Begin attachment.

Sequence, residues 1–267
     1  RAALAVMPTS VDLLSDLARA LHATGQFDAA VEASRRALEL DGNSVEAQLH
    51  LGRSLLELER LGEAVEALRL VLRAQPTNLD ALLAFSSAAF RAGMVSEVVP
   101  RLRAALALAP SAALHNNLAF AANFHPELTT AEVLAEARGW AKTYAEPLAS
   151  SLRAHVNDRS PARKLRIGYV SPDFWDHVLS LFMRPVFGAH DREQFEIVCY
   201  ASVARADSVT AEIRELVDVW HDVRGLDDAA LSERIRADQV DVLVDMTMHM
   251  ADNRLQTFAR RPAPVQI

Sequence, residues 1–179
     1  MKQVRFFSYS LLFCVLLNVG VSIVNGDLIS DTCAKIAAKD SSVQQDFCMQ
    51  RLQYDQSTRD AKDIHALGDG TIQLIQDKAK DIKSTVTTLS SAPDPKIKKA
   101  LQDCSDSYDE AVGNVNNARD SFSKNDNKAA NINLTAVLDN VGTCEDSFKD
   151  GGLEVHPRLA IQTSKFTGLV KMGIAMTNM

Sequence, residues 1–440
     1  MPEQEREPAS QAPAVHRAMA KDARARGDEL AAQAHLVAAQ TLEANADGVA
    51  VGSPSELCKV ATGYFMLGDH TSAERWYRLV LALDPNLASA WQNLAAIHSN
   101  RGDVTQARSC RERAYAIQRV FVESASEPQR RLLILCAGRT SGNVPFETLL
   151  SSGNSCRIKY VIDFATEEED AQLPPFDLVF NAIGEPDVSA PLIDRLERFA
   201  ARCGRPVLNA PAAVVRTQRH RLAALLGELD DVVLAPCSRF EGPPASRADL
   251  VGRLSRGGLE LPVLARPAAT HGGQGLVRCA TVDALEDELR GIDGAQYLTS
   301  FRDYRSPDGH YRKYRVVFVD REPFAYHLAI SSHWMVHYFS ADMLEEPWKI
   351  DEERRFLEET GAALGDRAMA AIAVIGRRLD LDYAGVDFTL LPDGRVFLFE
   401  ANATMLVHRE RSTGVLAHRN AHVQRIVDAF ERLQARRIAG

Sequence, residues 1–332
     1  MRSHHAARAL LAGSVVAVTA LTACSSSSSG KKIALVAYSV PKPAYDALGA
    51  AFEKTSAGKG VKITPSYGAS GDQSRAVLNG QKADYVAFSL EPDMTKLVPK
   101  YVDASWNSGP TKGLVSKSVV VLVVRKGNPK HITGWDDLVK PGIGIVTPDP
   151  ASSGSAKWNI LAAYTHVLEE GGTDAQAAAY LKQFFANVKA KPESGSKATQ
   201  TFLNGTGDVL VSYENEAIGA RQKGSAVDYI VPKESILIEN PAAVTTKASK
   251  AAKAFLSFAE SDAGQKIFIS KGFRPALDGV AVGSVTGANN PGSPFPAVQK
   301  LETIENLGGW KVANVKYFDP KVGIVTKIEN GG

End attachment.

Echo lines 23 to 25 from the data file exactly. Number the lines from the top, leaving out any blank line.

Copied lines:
Sequence, residues 1–332
     1  MRSHHAARAL LAGSVVAVTA LTACSSSSSG KKIALVAYSV PKPAYDALGA
    51  AFEKTSAGKG VKITPSYGAS GDQSRAVLNG QKADYVAFSL EPDMTKLVPK